Wednesday, December 5, 2012

Beyond Team Edward and Team Jacob (or, Why I'm Team Mike Newton)

by Ben Howard

After my Twilight-watching experience the most common question I’ve encountered is a fairly typical one: Team Edward or Team Jacob? While I do have a preference between the two (Jacob by a mile), I reject the very premise of the question. The question assumes that Bella has to choose one of the two tortured love-struck mythical creatures, but I say “Nay!” I reject these two monstrous suitors for I am thoroughly on Team Mike Newton.

If you’ve never been introduced to the world of Twilight, Mike Newton is one of Bella’s friends from high school. In fact, he’s barely in any of the movies. His tour de force comes in New Moon when he asks Bella out to see the movie Facepunch (Twilight is subtle). Bella brings Jacob along to the movie. Mike becomes sick because of the violence in said film, and Bella pretty much dismisses Mike from the picture. Oh Mike, we hardly knew thee!
I’m joking a little bit, of course, but the juxtaposition of the Team Jacob/Team Edward debate with my affinity for Mike Newton does bring up an interesting point about Bella and in a sense about all of us.

Mike Newton’s fatal flaw is that he isn’t interesting, or at least, he isn’t spectacularly interesting. He’s routine and functional. He’s normal. Jacob and Edward on the other hand are full of spectacle. They are mythical beasts of yore!

And Bella goes for the spectacle. Most of us would if place in a similar situation. It makes us feel special and exciting, like our lives are more important, like we are more important than everyone else around us. That’s the great draw of action movies. One man. All alone. Saving the world.

We all put ourselves in the position of the hero or the heroine. We all want to be the special person who has all the special skills necessary to save the world. Or, if you want it to be a romantic context, we want to be the person who sweeps the girl off her feet, or the girl who is so wonderful that a guy can’t help but sweep her off her feet.

That’s why we like movies. It showcases a life of excitement and wonder that, to be completely honest, we probably aren’t going to experience.

In all of the dreams that I remember, I’m a superhero. Well, not quite a superhero, but at least an action hero. One time I saved a whole convention center full of people from a diabolical sand monster. I think I drove over him in a Jeep.

On another occasion, I stopped a band of thieves from stealing my friend’s canoe. It was an important canoe for some reason and I used it to transport them to the science fair just in time for them to win first prize. My subconscious can get a little bizarre.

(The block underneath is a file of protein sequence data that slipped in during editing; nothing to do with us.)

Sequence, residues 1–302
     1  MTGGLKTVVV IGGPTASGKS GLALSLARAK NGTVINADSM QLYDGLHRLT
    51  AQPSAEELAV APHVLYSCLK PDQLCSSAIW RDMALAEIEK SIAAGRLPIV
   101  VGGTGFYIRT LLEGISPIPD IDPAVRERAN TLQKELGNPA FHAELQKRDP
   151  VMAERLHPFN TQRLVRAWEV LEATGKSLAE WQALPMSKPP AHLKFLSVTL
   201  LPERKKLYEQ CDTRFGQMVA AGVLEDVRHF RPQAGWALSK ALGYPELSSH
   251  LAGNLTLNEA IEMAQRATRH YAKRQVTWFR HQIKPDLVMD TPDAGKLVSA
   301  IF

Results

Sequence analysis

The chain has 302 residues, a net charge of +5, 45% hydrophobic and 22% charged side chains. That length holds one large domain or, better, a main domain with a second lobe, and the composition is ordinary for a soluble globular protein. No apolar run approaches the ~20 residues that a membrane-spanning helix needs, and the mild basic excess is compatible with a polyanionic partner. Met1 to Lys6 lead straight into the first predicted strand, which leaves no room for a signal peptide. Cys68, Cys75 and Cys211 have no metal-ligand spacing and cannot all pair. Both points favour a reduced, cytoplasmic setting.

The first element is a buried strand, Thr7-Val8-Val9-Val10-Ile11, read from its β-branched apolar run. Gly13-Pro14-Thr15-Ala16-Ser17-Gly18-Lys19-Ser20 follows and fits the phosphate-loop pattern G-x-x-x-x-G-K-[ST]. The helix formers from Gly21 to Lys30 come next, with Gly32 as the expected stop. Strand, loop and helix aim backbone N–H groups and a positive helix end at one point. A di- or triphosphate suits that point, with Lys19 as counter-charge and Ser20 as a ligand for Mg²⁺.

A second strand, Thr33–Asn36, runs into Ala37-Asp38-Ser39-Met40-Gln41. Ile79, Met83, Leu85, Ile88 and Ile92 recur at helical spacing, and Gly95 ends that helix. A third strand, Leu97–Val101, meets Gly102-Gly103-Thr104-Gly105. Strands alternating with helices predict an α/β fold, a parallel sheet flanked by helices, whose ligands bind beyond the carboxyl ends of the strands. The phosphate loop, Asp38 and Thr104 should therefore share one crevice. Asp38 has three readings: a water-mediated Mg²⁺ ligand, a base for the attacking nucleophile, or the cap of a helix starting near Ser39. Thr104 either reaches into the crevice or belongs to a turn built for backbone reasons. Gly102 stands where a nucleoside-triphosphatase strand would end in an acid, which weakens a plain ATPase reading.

I think this hero-centric storytelling can have an adverse effect on the way we interpret the world. We vote and think one politician will be our savior. We root for athletes because we think their individual presence will lift a team. In basketball circles there is a derisive term used for when a player holds the ball so that he can hit a game winning shot, it’s called playing Hero Ball. It typically doesn’t turn out well.

I see this in the way a lot of people interpret the Bible as well. We read the stories and then we see ourselves in the heroes and the main characters. What if that isn’t the point? What if we’re supposed to see ourselves in the crowds? Or in the people of Israel? What lessons do we miss when we play biblical Hero Ball?

It’s not bad to be normal, and normal doesn’t necessarily entail being boring either. We live such an amped up existence that sometimes I think we become numb to the beauty and delicacy that can be found in the simplicity of life.

For example, I’ve heard that it’s difficult for people who have eaten junk food all of their life to appreciate fine cuisine because their palates are predisposed to high salt, high sugar foods. They’ve been so overwhelmed by the intensity of salt and sugar that it’s hard to something more delicate will often taste bland.

That’s why I can’t be Team Edward or Team Jacob. I have to be Team Mike Newton. I want to embrace the fact that “normal” doesn’t mean bad, that most of us will live “normal” full of brilliance and beauty and wonder if we only know how to look for it.


You can follow Ben on Twitter @BenHoward87 or email him at benjamin.howard87 [at]

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